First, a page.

A Genetic Flurry Opens Door for New Cancer Treatments

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A new study published in the journal Nature reveals that there is a lot about cancer cells we never knew before. But this isn’t a negative story about the disease, instead it’s a hopeful one: the discoveries may help scientists create new ways to fight cancer.

It wasn’t quick and it wasn’t easy as researchers labored in the lab, peering through telescopic lenses at tumor cells. While studying the DNA of these diseased cells, they kept discovering more and more genes that were directly involved in the cancer. Nobody had suspected all these genes were involved, but we now know that hundreds of them are.

The study represents another take on the difficulties we experience with trying to understand cancer. How, after all this time, could we not have known that a flurry of genes in the same cell are contributing to cancer? In large part, it’s because scientists have come to accept a difficult notion: that cancer isn’t one disease, but is in fact many diseases at once.

In a single family of genes taken from 200 samples of breast, stomach, colorectal, and other major tumors, researchers found more than 1,000 mutations. On top of that, other groups of genes were involved with the tumor. They believe that about 120 of the mutations they witnessed are the driving forces behind how cancer develops. Researchers label them “drivers” because they drive a cell to stop behaving normally and start behaving like a cancerous cell.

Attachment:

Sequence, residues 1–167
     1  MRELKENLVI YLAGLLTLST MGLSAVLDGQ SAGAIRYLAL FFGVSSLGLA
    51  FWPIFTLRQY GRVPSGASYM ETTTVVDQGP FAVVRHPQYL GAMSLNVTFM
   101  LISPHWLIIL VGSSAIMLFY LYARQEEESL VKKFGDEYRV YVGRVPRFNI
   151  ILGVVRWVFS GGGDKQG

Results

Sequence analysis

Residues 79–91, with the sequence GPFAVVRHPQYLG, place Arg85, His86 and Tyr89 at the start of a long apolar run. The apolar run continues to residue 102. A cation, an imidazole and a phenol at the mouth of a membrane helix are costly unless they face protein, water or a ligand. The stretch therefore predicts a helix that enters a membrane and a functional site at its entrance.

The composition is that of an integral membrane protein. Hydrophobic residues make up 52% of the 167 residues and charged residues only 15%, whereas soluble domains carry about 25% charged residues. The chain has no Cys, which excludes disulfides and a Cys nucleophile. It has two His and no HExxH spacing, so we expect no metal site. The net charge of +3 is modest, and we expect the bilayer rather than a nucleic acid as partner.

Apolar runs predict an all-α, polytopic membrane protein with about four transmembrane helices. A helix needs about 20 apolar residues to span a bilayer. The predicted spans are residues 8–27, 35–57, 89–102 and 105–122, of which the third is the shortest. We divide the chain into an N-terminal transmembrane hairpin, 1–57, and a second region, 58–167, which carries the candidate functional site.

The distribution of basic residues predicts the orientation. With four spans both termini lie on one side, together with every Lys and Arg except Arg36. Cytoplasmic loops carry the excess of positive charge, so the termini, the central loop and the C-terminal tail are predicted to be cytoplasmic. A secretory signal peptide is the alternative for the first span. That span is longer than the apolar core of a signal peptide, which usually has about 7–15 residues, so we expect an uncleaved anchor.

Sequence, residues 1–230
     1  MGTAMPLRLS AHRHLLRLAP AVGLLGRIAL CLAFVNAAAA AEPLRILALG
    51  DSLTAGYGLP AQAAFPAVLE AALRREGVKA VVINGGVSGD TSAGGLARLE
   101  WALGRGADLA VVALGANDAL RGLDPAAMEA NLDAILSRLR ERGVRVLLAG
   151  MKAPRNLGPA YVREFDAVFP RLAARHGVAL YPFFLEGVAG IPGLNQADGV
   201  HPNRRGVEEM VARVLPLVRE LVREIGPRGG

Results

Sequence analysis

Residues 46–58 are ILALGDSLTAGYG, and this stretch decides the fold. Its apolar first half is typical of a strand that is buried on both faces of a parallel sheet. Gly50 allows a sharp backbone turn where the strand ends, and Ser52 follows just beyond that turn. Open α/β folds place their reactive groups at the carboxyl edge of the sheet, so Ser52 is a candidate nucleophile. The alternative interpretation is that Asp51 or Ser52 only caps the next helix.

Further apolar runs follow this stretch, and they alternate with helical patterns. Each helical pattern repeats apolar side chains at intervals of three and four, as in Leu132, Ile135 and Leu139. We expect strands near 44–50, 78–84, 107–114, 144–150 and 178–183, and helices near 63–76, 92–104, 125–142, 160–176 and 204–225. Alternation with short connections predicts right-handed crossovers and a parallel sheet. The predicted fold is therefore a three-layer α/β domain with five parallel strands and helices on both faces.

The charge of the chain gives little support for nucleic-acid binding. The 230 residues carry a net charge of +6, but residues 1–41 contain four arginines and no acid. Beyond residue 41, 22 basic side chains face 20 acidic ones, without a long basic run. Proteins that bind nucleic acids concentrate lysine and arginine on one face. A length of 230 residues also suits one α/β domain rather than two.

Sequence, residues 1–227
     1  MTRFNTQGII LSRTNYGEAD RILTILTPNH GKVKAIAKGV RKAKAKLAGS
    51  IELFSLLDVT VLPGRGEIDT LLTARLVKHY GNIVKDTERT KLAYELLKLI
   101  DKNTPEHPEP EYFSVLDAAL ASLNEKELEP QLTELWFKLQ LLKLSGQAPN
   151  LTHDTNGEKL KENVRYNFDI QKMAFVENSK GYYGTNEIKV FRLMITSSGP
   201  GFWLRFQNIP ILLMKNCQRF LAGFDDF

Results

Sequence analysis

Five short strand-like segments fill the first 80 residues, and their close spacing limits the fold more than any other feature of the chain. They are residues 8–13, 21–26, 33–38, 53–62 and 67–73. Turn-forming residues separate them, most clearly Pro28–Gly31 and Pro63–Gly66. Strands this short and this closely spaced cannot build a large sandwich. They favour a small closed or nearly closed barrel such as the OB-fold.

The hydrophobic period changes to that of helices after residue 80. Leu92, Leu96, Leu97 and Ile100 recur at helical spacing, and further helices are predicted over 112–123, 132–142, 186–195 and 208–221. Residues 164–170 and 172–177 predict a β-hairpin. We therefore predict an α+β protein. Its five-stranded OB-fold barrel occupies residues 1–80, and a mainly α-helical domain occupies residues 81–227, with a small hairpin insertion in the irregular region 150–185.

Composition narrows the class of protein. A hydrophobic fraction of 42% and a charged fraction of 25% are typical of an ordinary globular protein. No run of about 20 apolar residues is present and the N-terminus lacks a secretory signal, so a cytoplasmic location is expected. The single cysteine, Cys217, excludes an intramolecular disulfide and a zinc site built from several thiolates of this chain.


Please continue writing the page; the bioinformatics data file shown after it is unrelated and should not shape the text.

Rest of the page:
The 100 new cancer genes they found was a much greater number than they had expected (around 10). They come from a family of DNA, called “kinases”, that are well- known to be linked with cancer. One trait of these sorts of genes is that they can switch cells on and off — so if we could target a kinase gene and have it switch off a cancerous cell, imagine the possibly. In fact, some of the newest cancer therapies are targeting these kinases, sometimes with remarkable success in small groups of patients.

Researchers in this study looked at the DNA sequences of cancerous cells and compared them with normal cells. All mutations were tracked, and they found that some cancers tended to mutate quite a bit while others didn’t. All in all, it was a study of the cause of cancer, and will lead scientists down the all-important path of more effective cancer treatments.